1. Is the Criminal Records Review Act check a separate requirement from the general criminal check?

Yes.  It is a requirement imposed on a broad sector of workers by the BC government, through the Criminal Records Review Act (CRRA).  The aim of the CRRA is to provide a uniform system across the professions to detect persons with a history of financial or sexual abuse toward children or vulnerable adults.

2.  Who must provide a CRRA check?

The CRRA check is mandatory for all applicants for registration, as practitioners and their staff work with or have unsupervised access to children and ‘vulnerable adults’ (i.e. anyone 19 years of age or older who receives health services other than acute care from certain health-care providers).

3.   Why is this necessary when applicants already provide a general criminal record check?

The College requires the general check because the CRRA process is not as broad.

4.   What exactly does the CRRA check look for?

The CRRA looks only for specific ‘relevant’ offences relating to sexual and violent assaults, drug trafficking, theft, fraud and breach of trust that are associated with physical, sexual, and financial abuse.  Convictions related to minor offences that are not related to the protection of children and vulnerable persons are not included. For a list of the relevant offences see:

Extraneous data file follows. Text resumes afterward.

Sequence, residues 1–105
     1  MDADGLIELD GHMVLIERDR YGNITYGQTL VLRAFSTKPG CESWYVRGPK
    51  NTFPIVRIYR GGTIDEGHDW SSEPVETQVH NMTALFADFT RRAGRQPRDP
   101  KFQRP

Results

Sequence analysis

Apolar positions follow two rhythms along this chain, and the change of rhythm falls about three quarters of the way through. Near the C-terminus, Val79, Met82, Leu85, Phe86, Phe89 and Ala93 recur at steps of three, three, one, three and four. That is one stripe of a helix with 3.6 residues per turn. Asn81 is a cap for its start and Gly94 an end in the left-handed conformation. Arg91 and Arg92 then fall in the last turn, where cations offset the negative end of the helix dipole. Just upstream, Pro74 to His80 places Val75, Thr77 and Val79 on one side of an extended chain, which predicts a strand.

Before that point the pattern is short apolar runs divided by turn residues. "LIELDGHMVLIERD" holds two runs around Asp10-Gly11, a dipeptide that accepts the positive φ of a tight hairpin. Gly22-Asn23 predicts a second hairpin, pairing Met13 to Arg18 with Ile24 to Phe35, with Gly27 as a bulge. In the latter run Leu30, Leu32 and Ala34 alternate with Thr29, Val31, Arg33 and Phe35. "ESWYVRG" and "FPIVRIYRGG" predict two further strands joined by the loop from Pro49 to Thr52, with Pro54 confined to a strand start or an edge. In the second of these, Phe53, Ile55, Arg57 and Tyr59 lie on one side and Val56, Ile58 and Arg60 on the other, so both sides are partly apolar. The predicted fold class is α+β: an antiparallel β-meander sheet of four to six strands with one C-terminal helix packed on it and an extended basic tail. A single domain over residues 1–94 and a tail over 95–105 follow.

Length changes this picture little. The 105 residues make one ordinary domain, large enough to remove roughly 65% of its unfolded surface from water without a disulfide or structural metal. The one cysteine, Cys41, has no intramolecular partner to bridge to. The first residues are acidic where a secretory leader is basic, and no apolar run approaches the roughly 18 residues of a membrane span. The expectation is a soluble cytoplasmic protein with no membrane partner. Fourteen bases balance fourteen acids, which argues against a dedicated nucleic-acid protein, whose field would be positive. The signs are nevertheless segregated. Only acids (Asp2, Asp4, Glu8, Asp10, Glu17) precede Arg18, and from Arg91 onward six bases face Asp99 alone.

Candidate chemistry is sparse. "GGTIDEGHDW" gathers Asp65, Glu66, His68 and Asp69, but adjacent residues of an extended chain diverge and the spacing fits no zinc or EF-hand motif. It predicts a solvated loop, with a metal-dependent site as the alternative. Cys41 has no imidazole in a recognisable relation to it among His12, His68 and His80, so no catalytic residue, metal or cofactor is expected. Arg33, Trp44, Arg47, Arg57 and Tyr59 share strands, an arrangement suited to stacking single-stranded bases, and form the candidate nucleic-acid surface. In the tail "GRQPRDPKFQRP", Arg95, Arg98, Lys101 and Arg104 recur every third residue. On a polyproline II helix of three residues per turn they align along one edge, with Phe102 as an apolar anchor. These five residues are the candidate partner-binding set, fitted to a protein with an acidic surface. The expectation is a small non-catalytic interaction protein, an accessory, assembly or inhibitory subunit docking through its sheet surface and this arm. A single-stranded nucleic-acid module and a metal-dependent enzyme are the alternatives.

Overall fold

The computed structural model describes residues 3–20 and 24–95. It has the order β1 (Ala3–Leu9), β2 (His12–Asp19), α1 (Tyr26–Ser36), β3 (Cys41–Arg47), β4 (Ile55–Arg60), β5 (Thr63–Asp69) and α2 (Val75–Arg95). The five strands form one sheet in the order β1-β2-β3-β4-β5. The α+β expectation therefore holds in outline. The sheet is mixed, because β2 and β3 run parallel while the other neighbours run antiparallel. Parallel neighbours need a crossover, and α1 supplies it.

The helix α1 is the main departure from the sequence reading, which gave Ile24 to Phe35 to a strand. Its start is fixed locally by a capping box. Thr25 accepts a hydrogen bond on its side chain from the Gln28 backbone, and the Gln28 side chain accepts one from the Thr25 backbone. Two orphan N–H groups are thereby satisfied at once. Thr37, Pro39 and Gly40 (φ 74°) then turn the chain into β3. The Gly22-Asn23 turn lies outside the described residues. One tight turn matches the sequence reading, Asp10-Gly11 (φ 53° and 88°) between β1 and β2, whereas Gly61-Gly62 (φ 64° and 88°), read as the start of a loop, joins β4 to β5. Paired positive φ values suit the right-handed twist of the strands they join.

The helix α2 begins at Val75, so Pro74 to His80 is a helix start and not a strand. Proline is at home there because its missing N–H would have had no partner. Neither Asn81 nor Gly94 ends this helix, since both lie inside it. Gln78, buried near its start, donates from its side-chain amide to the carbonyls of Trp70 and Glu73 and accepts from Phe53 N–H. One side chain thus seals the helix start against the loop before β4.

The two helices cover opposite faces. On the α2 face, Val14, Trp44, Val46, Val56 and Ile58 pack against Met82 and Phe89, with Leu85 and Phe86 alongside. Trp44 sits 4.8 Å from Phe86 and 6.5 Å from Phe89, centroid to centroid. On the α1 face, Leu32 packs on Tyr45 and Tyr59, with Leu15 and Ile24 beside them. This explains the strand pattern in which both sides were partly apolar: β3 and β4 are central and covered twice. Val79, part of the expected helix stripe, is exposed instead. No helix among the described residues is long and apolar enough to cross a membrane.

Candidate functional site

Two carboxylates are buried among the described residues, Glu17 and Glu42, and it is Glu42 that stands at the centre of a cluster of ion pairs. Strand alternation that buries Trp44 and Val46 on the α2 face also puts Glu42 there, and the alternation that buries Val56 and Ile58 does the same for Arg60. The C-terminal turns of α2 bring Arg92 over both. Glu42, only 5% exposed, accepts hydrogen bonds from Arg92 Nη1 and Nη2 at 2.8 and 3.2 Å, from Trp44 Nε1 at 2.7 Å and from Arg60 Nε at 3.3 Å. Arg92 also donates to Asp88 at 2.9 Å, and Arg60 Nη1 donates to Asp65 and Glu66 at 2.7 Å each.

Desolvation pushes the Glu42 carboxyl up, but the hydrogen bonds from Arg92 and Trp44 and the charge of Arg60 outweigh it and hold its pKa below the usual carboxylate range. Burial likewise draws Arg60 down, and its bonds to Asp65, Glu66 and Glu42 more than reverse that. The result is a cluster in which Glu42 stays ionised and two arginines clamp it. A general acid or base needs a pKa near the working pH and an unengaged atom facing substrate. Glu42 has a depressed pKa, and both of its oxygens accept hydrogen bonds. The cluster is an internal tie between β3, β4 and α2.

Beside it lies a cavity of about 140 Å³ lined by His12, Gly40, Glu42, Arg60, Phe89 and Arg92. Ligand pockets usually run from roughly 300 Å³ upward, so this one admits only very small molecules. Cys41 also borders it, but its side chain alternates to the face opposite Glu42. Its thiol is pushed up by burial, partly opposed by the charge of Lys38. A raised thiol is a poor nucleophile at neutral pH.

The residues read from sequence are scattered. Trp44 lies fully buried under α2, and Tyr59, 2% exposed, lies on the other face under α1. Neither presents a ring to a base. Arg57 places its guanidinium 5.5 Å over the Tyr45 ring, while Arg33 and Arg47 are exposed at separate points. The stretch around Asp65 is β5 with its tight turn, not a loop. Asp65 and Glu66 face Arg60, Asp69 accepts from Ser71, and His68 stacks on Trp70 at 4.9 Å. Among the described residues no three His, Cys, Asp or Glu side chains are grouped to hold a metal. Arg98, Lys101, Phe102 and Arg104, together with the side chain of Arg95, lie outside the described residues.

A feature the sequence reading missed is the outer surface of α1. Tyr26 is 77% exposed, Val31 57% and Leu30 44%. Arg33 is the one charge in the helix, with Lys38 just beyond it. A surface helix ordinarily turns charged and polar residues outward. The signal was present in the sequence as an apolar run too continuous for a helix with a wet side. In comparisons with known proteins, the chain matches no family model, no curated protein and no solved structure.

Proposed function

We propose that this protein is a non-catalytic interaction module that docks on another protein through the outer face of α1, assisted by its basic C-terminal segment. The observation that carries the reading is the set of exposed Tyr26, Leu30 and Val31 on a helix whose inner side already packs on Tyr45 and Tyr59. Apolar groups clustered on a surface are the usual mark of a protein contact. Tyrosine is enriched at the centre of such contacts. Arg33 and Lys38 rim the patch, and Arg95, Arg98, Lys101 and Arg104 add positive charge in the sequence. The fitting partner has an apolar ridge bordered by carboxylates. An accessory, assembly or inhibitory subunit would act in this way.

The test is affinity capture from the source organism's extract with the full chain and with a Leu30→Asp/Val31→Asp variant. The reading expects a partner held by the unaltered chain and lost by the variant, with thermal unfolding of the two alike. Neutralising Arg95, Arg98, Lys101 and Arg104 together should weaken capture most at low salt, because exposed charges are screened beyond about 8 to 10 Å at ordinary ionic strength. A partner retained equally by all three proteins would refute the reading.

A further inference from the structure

5.  What agency administers the CRRA requirements?

The CRRA is administered by the Criminal Records Review branch or Program (CRRP) of the BC Ministry of Public Safety and Solicitor General, not by the College.

6.  Are follow-up checks required under the CRRA?

CRRA checks are valid for 5 years.  So long as an individual is registered to practice, they must undergo a new CRRA check every five years before the expiration of the previous check.

7.  What if an applicant, after being registered, is charged or convicted within the 5 years?

Registrants are not permitted to wait for the next five-year check.  The CRRA requires that registrants promptly report any new charges or convictions to the College and provide the College with a new check.

8.  Can the CRRA check be done at the police station with a general record check?

No, applications for CRRA checks must be submitted to the Ministry of Public Safety and Solicitor General.

9.   What are the consequences if an applicant does not compelete the CRRA check?

Under the CRRA, an applicant who fails to comply will not be eligible for registration and the College must not grant registration to them.  Registrants who fail to comply will not have their registration renewed.

10. What is the fee for the CRRA check?

Regulations to the CRRA set a fee that must be paid by the applicant to the government for the criminal record check.  The current regulation specifies a $28 fee.

11.  How does the applicant for registration actually initiate and obtain a check under the CRRA?

The College has enrolled in the CRRP’s applicant-based on-line system.  Applicants log on to the CRRP website at  and use an access code that will be provided by the College on request.  Note that applicants may need to have the College verify their identification.

12.  How long does the CRRA process take?